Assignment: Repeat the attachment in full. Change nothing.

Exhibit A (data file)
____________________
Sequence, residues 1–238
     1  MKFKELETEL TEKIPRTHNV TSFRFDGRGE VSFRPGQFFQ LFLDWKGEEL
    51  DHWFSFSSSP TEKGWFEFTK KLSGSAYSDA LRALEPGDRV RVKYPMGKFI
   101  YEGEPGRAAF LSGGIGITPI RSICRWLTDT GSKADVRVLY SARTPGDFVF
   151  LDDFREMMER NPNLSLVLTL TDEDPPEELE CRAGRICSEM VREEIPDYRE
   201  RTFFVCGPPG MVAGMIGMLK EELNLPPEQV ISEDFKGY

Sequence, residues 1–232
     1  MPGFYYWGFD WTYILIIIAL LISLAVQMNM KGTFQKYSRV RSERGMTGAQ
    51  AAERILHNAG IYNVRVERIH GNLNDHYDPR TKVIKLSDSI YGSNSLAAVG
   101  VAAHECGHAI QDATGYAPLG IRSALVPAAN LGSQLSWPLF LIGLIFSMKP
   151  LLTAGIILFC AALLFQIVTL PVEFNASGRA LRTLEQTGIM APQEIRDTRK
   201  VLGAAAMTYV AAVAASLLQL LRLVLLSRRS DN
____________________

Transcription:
Sequence, residues 1–238
     1  MKFKELETEL TEKIPRTHNV TSFRFDGRGE VSFRPGQFFQ LFLDWKGEEL
    51  DHWFSFSSSP TEKGWFEFTK KLSGSAYSDA LRALEPGDRV RVKYPMGKFI
   101  YEGEPGRAAF LSGGIGITPI RSICRWLTDT GSKADVRVLY SARTPGDFVF
   151  LDDFREMMER NPNLSLVLTL TDEDPPEELE CRAGRICSEM VREEIPDYRE
   201  RTFFVCGPPG MVAGMIGMLK EELNLPPEQV ISEDFKGY

Sequence, residues 1–232
     1  MPGFYYWGFD WTYILIIIAL LISLAVQMNM KGTFQKYSRV RSERGMTGAQ
    51  AAERILHNAG IYNVRVERIH GNLNDHYDPR TKVIKLSDSI YGSNSLAAVG
   101  VAAHECGHAI QDATGYAPLG IRSALVPAAN LGSQLSWPLF LIGLIFSMKP
   151  LLTAGIILFC AALLFQIVTL PVEFNASGRA LRTLEQTGIM APQEIRDTRK
   201  VLGAAAMTYV AAVAASLLQL LRLVLLSRRS DN